How to Write a Novel: A Novel by Melanie Sumner
After her father’s death in Alaska, Aristotle “Aris” Thibodeau, her mother Diane, and her brother Max move to small town Kanuga, Georgia, where Diane performs the bare minimum as an English professor and throws herself into Simple Living (purging and organizing the whole house, much to the dismay of her children when they find their treasured possessions thrown away.) Odd little brother Max annoys Aris with his insistence they play Pokemon and by reading her personal text messages, but it’s his meltdowns and behavior disorder that put extra stress on the small family.
Funny, quirky Aris (who draws comparisons to Scout Finch and Holden Caulfield), spins what would first be perceived as a sad and heavy story. At 12.5 years old, she generally comes across as a mini-adult who informs the readers that “since there’s no man in the house, Diane and I have our hands full co-parenting Max.” But just when you begin to forget Aris’ age, her comments such as “just the thought of picking up my room or factoring a trinomial makes me really, really tired,” will make you remember that despite her maturity, she is still a young teen. Plus she throws in a few text messages, emoticons, and random “OMGs” for good measure.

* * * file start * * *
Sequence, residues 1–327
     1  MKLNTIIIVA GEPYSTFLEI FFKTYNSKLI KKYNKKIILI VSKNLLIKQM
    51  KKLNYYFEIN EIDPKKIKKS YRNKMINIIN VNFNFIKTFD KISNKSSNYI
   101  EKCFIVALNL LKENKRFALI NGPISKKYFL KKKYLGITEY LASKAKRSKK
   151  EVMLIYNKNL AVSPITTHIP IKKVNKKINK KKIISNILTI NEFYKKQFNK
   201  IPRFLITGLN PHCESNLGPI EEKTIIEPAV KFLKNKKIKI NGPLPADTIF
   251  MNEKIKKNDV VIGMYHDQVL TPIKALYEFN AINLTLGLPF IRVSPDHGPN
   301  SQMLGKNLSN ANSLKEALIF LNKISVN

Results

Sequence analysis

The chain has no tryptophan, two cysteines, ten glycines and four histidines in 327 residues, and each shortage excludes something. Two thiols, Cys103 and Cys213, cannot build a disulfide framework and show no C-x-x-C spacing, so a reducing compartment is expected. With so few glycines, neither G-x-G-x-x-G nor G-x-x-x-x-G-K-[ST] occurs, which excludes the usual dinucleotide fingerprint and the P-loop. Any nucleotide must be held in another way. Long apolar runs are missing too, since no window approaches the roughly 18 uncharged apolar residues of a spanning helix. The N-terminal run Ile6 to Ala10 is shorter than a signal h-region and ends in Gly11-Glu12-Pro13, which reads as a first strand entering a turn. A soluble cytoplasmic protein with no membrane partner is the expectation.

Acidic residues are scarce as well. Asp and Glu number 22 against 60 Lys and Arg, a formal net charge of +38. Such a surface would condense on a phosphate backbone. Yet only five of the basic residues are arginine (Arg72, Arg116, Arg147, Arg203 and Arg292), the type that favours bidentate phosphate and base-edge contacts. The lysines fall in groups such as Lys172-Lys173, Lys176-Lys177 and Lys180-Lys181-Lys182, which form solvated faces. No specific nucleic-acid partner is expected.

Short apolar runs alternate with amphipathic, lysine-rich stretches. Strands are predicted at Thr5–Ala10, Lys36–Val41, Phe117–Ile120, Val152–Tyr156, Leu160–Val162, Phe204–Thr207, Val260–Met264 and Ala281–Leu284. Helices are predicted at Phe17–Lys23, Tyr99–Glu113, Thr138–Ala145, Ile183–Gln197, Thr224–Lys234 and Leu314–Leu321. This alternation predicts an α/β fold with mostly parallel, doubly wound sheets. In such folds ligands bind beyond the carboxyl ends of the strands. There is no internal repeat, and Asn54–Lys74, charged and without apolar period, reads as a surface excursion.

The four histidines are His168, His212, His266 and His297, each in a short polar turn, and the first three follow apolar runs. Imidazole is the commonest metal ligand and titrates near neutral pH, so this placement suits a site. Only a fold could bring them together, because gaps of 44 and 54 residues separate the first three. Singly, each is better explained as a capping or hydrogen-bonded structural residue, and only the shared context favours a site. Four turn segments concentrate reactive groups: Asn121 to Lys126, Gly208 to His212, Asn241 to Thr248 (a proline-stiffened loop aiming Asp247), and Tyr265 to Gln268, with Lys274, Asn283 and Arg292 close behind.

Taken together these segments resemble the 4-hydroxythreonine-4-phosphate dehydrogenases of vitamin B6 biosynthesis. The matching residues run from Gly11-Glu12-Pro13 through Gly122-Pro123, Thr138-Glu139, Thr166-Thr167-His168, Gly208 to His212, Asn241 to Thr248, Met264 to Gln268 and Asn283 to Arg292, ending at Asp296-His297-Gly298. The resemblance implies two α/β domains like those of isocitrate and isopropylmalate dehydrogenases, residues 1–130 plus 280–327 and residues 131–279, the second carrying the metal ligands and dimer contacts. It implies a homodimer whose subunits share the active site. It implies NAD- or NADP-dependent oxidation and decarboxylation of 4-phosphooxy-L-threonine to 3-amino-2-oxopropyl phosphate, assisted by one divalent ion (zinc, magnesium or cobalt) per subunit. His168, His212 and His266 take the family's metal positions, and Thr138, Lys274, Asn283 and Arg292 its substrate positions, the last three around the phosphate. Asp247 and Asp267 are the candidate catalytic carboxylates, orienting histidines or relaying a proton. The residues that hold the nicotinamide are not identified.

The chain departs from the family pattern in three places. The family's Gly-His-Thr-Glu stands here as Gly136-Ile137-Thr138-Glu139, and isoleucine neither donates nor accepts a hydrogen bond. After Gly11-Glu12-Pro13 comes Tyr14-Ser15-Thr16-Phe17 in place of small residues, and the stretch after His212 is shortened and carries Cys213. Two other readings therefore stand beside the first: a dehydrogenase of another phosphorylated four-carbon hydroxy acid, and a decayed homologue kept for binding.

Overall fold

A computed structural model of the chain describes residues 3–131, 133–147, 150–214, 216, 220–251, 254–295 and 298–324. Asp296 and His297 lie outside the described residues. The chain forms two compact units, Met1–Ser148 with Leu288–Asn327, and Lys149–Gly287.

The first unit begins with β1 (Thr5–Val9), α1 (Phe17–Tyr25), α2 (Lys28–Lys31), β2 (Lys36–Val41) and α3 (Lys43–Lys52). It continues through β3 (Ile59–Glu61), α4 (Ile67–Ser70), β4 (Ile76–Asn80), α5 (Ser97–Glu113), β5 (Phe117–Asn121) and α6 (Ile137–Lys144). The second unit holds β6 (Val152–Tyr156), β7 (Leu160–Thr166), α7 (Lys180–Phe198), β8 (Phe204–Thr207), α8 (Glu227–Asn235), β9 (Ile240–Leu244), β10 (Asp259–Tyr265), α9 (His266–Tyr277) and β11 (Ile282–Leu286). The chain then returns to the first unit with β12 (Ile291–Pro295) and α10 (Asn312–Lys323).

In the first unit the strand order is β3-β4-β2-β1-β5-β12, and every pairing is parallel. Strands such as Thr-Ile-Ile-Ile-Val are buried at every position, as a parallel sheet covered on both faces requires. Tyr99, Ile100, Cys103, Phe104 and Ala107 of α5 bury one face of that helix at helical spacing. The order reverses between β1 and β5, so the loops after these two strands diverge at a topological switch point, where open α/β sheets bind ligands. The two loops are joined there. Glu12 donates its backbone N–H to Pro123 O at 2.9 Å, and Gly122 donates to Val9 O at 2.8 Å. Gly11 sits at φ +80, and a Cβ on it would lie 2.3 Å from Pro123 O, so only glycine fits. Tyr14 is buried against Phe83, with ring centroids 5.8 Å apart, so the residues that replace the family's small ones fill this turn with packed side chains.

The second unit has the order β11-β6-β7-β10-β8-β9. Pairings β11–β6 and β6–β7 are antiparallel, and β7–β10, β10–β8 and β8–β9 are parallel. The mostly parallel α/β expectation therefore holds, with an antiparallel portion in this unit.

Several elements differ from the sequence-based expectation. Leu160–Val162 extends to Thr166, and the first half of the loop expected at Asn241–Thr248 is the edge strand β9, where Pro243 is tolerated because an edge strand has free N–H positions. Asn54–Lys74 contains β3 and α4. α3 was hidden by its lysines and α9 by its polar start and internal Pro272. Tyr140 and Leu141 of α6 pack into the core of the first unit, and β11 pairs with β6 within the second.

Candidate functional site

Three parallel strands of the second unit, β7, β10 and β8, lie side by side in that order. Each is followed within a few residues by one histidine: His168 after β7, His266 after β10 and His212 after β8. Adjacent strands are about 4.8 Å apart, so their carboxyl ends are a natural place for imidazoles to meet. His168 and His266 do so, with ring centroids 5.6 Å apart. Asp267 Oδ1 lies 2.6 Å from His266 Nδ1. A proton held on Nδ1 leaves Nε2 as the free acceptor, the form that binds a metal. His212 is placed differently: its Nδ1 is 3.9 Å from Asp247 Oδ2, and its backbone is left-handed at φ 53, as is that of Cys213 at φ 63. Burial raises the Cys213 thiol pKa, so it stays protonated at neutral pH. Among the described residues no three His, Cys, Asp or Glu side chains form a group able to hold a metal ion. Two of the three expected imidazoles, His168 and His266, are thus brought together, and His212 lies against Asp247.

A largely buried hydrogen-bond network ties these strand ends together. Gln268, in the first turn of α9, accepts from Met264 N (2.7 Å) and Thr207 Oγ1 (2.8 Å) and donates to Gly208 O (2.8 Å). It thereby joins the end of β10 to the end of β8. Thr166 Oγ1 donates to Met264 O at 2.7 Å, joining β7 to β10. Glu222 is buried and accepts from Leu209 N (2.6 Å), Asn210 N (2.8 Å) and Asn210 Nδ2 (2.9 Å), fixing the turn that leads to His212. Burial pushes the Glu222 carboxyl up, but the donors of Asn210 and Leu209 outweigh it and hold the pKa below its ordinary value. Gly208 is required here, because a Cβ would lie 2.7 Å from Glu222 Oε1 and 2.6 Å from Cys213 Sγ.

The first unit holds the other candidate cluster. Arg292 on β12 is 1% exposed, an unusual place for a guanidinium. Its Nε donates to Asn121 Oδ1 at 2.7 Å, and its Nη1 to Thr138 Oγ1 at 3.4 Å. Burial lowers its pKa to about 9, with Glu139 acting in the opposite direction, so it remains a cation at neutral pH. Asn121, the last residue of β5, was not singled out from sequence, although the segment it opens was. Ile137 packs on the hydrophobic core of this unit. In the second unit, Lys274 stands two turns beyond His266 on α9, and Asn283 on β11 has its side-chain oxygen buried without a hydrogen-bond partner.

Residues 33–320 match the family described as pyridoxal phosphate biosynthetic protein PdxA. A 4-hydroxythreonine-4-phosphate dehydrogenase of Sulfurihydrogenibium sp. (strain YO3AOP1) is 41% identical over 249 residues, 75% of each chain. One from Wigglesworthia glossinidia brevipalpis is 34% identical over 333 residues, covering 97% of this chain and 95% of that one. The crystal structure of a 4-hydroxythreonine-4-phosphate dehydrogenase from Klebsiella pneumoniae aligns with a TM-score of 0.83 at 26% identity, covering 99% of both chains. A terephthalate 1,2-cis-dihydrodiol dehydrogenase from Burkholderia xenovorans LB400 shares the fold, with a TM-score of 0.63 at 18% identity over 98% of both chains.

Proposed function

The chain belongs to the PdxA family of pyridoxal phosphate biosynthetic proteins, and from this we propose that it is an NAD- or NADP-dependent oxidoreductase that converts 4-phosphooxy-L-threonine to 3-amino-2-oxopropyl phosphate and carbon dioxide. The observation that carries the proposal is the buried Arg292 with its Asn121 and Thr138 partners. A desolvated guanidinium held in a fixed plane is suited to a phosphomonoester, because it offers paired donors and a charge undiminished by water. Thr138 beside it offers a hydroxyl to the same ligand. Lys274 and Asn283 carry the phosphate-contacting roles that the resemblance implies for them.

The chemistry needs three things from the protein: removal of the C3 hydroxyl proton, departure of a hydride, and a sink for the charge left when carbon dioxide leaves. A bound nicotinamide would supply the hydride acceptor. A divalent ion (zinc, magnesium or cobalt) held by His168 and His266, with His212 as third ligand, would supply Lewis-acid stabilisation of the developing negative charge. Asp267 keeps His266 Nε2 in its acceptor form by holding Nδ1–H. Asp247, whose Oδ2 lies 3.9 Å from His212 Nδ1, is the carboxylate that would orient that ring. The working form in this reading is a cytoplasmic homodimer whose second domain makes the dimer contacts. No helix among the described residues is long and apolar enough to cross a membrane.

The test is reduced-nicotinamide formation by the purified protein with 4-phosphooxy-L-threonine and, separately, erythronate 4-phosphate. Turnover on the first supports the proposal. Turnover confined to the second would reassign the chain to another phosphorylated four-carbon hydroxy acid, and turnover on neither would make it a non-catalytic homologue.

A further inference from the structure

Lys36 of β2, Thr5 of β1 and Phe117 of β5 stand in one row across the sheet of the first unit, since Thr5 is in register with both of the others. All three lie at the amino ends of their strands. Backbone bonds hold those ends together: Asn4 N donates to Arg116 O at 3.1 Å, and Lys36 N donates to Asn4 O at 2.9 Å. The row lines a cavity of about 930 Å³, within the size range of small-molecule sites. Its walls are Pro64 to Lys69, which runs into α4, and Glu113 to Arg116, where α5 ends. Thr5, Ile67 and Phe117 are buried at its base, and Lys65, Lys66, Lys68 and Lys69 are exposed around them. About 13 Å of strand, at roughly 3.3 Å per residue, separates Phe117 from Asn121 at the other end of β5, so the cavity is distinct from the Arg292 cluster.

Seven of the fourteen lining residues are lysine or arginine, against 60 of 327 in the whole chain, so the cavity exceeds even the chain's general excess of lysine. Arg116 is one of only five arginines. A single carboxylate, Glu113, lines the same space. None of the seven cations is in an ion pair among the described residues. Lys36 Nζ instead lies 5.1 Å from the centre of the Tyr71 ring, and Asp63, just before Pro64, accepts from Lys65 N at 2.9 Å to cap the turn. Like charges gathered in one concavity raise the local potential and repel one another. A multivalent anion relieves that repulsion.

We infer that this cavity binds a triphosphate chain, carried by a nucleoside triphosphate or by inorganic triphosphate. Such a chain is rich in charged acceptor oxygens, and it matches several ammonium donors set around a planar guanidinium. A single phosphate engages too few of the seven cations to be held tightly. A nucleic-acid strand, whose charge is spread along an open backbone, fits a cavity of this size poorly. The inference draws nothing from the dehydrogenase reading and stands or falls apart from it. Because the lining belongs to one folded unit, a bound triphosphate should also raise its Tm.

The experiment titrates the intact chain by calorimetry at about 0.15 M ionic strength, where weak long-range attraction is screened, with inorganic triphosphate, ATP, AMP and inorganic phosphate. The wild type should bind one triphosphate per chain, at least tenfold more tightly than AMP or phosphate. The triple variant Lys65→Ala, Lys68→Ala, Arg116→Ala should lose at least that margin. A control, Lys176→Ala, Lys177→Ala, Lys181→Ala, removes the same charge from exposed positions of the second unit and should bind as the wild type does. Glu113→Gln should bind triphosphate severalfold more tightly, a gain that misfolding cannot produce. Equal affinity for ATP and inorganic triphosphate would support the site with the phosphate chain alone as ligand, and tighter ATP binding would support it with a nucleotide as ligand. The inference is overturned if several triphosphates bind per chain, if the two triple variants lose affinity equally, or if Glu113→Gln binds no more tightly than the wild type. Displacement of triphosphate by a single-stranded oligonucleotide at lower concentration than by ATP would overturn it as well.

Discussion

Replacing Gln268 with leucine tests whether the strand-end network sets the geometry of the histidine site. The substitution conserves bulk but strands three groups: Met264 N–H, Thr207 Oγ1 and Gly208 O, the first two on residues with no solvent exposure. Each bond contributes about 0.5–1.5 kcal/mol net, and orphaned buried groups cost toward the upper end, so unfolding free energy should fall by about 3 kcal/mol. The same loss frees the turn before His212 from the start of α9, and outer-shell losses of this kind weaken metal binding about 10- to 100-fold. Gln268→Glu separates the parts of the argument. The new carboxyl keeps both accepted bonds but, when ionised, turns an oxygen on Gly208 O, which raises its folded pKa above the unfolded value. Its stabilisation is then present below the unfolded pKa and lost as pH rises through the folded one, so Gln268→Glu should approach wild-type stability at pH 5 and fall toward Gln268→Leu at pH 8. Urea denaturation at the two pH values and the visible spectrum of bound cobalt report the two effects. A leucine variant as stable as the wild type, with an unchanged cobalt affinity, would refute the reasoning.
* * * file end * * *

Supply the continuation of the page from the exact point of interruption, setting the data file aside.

Watching her mother falter at online dating and aware of the constant drain to the family finances with her brother’s therapy, Aris devises a plan to write a bestseller. By following the instructions in the book, Write a Novel in Thirty Days!, her plan is to “knock one out, make a wad of cash, and get famous.” Her naive logic propels the story and the re-writing of her life to her terms for her novel is often-times hilarious. For example, why won’t her mom take an interest in their handyman neighbor, Penn MacGuffin? And, when will everyone realize that it is her ghost dad that is causing all of the house’s lightbulbs to explode? But after reading her mother’s journals, she discovers a dark family secret and decides to take justice into her own hands. Her small adventure goes the way of her novel, which is to say, not as planned.
Although the protagonist is a young teen, this would not be classified as a cute tween or YA novel. The characters are all complex and lovingly dysfunctional and it is difficult not to admire the uniqueness, or as the book’s editor lovingly describes “the three-legged-doggedness” of Thibodeaux family. The combination of characters, writing style and the book’s literary layout merge to form what is sure to be a bestselling hit about writing a bestseller.
Other works by Melanie Sumner include The Ghost of Milagro Creek, The School of Beauty and Charm, and a short story collection Polite Society. How to Write a Novel: A Novel was featured on this year’s Los Angeles Times Summer Book List and Melanie Sumner will be at the Decatur Book Festival September 4-6. For more information on Melanie Sumner or to read an excerpt of the novel, visit her website Melanie-Sumner.com